Levy is, of course, wrong in his legal reasoning. But far more important is what he leaves unsaid. What will be the rights of Palestinians in a West Bank no longer regarded as occupied? Will we be afforded full voting rights or subjected to a system of apartheid?

I fear the latter. In introducing a 166-page report in December 2010, “Separate and Unequal: Israel’s Discriminatory Treatment of Palestinians in the Occupied Palestinian Territories,” Carroll Bogert, deputy executive director for external relations at Human Rights Watch, stated, “Palestinians face systematic discrimination merely because of their race, ethnicity, and national origin, depriving them of electricity, water, schools, and access to roads, while nearby Jewish settlers enjoy all of these state-provided benefits. While Israeli settlements flourish, Palestinians under Israeli control live in a time warp – not just separate, not just unequal, but sometimes even pushed off their lands and out of their homes.”

The Palestinian reality has only deteriorated since then with the Israeli Knesset taking up discriminatory legislation. A New York Times editorial recently noted that “activists say, more than 25 bills have been proposed or passed by the Parliament to limit freedom of speech and of the press; penalize, defund or investigate nongovernmental groups; restrict judicial independence; and trample minority rights.”  When Israel sneezes, or gets a bad flu on the rights front, one can be certain that the reality in occupied Palestinian territory is even more dire.

How else can we describe this week’s report that Israel intends to demolish eight Palestinian villages in the West Bank and force the inhabitants to live elsewhere? This is surely a form of ethnic cleansing as it makes way for the Israeli military and perhaps later for settlers to seize land Palestinians have tended for centuries. The proposed demolition is precisely why nonviolent Palestinian and international activists are pressing for divestment from Caterpillar. The company’s equipment is already being used against individual Palestinian homes, but more recently Israel has begun to use it to demolish whole communities.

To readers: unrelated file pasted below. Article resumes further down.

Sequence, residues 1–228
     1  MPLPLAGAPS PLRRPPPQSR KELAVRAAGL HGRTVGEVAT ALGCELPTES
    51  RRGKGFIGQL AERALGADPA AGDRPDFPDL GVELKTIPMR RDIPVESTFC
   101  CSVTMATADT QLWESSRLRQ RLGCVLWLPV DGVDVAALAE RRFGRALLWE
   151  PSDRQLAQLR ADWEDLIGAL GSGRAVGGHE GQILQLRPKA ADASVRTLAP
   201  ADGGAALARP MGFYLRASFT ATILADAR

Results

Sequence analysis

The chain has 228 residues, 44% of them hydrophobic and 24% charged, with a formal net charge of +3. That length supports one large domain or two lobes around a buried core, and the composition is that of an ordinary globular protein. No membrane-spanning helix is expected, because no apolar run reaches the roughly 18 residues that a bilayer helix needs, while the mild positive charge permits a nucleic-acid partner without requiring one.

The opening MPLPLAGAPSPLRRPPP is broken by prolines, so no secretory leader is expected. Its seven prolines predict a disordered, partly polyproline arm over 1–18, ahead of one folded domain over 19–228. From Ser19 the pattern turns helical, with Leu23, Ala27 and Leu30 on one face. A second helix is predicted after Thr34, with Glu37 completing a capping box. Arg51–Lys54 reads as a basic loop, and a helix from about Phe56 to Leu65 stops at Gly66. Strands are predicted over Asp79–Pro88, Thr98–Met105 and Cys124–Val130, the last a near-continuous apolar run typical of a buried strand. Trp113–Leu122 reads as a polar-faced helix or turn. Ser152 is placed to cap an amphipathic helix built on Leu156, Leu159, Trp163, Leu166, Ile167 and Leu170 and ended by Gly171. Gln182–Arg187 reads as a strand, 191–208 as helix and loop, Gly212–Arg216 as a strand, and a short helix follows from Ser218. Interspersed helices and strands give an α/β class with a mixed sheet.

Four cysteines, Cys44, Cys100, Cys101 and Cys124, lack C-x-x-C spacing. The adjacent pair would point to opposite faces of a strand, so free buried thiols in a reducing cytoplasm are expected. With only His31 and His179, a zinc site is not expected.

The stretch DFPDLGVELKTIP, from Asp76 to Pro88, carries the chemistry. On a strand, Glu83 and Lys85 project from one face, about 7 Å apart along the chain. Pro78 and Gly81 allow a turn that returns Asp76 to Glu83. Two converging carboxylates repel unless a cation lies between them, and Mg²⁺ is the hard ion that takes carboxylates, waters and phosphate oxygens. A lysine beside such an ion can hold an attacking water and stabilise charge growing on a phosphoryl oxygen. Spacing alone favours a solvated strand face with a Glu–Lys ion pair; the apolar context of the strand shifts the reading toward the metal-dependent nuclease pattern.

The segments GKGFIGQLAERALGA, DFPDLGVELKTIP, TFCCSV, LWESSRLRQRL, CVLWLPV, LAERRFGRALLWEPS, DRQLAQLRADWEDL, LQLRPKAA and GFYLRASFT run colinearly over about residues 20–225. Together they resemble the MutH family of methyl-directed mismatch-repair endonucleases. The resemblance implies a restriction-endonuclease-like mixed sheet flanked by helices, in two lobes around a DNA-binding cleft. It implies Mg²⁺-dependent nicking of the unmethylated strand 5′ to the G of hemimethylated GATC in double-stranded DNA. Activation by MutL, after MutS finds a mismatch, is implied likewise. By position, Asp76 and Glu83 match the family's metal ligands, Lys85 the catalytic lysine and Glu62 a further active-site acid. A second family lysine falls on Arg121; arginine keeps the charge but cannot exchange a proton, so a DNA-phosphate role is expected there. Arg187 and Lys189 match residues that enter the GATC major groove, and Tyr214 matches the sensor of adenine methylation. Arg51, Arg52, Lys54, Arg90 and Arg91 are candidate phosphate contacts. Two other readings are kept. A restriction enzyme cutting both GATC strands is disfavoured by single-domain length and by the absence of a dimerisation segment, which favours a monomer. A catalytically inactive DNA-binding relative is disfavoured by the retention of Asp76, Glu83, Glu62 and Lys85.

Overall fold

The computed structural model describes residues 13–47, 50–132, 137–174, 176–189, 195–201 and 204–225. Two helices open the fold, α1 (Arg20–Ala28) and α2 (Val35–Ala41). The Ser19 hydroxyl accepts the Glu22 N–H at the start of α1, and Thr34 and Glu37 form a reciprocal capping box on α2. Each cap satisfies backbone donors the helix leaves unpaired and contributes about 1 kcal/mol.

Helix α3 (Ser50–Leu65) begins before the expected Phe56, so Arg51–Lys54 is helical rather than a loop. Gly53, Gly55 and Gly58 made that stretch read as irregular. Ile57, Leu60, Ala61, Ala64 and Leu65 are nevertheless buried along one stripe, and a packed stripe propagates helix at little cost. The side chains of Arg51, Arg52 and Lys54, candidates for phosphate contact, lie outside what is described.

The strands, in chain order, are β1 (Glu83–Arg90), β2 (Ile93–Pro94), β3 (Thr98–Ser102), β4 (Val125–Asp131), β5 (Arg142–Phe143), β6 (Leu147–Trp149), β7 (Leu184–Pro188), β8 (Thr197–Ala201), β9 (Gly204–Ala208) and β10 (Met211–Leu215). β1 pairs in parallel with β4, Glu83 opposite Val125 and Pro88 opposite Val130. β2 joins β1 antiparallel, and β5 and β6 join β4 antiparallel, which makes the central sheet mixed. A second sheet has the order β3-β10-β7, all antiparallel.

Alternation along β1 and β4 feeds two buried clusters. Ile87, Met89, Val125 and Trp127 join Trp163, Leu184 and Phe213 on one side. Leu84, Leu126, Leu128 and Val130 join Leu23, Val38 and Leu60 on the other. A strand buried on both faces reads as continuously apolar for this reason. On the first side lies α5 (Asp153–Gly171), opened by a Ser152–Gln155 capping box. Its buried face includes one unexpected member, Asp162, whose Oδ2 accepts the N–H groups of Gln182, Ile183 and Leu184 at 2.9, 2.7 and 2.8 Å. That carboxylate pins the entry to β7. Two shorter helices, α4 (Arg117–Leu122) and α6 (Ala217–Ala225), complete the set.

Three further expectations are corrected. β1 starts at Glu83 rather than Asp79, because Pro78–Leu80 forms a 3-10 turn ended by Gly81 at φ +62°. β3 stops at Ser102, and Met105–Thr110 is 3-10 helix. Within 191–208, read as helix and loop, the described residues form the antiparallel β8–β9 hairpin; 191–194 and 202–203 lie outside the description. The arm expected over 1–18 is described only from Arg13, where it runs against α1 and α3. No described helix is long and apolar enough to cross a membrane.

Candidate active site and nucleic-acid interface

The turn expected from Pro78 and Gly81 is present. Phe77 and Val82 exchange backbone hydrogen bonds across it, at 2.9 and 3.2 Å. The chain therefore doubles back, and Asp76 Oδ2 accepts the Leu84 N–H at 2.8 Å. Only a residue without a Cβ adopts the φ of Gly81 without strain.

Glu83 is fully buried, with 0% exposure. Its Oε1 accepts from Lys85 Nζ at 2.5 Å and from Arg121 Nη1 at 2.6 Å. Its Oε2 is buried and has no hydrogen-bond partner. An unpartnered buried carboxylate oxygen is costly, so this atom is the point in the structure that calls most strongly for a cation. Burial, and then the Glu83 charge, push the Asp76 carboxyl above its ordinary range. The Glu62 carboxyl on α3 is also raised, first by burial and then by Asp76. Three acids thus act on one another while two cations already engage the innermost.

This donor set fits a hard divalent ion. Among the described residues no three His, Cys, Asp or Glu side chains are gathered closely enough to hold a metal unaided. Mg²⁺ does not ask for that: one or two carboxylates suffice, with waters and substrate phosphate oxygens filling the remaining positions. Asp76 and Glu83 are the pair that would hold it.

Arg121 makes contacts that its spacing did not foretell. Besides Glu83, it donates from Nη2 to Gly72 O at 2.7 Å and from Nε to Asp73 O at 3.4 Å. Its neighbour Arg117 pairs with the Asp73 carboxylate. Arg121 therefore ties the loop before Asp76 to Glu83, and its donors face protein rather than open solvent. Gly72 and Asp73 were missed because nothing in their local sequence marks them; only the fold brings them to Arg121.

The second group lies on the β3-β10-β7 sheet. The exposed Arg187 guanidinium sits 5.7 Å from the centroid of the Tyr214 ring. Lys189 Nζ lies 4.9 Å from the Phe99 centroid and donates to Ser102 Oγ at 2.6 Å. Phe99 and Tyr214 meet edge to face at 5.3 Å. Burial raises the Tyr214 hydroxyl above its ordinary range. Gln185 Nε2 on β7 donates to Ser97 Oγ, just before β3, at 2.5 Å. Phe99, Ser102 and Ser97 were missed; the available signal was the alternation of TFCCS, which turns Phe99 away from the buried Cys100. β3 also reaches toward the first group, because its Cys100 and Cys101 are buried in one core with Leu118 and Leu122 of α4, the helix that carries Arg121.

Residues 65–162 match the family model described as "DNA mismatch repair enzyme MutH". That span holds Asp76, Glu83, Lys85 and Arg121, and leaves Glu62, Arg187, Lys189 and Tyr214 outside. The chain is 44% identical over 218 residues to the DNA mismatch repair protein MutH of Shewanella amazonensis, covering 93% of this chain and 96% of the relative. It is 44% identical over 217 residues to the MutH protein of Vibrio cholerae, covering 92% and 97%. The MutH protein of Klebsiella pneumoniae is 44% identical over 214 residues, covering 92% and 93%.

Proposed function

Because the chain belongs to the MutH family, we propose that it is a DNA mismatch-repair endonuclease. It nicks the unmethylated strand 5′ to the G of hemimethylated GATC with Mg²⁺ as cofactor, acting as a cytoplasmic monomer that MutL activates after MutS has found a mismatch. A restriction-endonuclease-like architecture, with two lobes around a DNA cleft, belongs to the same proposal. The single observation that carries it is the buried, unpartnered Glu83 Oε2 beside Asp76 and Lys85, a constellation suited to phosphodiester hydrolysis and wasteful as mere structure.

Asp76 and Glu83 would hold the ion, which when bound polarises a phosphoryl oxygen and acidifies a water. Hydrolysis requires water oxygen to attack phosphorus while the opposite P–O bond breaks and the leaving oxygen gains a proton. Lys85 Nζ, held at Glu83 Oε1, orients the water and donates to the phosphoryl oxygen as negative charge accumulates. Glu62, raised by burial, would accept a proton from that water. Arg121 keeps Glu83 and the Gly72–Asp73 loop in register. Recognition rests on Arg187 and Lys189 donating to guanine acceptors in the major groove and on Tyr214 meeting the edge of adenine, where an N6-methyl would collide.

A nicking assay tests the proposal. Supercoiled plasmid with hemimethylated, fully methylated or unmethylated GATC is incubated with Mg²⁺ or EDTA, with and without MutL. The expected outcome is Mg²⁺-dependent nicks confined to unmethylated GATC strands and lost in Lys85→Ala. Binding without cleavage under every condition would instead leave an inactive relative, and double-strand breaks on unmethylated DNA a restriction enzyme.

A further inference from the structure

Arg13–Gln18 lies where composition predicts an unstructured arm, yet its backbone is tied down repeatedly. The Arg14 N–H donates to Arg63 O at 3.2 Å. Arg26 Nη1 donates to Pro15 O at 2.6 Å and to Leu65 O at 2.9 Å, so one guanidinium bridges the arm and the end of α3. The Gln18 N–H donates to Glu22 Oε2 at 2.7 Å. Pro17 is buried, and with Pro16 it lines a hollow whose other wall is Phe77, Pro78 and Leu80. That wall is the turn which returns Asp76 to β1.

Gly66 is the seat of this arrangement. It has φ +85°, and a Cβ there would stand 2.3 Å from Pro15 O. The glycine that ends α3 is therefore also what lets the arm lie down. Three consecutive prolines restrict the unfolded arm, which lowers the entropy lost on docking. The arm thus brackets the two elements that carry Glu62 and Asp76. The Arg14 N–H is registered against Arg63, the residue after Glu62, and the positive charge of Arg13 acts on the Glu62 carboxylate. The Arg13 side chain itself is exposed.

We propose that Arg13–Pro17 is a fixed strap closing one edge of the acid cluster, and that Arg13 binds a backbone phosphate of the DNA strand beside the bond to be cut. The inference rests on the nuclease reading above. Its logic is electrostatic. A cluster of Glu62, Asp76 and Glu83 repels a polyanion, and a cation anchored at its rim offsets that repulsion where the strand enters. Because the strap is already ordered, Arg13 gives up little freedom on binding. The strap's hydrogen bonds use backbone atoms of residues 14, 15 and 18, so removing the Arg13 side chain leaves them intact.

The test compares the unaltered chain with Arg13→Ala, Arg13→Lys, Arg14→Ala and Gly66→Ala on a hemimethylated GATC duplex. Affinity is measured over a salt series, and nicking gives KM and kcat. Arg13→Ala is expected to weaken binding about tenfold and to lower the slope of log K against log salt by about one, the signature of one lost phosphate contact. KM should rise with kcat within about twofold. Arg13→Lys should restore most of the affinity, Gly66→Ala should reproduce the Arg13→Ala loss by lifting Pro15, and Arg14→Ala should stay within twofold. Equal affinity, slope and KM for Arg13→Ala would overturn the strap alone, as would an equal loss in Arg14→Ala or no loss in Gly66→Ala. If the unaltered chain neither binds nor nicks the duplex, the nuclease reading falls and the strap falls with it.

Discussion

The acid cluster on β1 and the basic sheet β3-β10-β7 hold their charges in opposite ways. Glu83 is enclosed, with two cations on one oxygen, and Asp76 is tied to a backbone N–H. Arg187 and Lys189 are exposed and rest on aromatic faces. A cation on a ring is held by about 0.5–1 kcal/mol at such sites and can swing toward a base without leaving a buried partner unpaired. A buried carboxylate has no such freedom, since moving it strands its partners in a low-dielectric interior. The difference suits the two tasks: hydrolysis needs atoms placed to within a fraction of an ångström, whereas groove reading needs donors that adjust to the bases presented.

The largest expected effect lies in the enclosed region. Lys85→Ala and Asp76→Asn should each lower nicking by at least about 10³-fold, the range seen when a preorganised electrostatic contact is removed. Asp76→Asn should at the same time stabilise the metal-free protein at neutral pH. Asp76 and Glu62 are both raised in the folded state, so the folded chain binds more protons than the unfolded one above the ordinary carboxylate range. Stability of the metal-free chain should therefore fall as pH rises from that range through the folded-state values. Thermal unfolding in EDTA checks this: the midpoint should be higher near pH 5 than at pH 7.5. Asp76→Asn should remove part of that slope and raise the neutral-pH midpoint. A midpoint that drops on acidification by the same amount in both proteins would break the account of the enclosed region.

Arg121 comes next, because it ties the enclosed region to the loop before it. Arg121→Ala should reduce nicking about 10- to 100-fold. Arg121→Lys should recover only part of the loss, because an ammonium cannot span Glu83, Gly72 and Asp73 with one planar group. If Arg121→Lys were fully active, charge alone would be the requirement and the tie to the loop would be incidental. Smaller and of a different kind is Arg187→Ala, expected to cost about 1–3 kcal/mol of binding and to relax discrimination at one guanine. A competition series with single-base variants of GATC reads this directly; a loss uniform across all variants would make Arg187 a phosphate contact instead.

President Barack Obama’s increasing reticence on Palestinian rights suggests that Israel’s fiercest right-wing advocates have carried the day with the President. He’s now locked in a battle with Romney to prove his hardline, pro-Israel bona fides. And he’s feeling the heat when Romney states, “Well, I think by and large you can just look at the things the president’s done and do the opposite. I mean, you know, you consider his first address to the United Nations, he castigated Israel for building settlements.”

President Obama was right to criticize such law-breaking. It showed wisdom and responsibility and the realization that settlement expansion works against a two-state solution. But Obama’s recent silence and Romney’s seemingly neo-conservative embrace of Israeli expansionism suggest that the prospect of a two-state solution will end during one administration or the other.

If President Obama and Gov. Romney expect Palestinians will meekly accept apartheid then they are quite wrong. A battle for equal rights is looming in the near future because of the arrogance of Israeli and American leaders who are proving incapable of understanding the discriminatory conditions they are creating with the expansion of settlements and ongoing disregard for Palestinian rights.

Barghouthi, a doctor and member of the Palestinian Parliament, is secretary general of the Palestinian National Initiative, a political party. 

Source: thehill.com…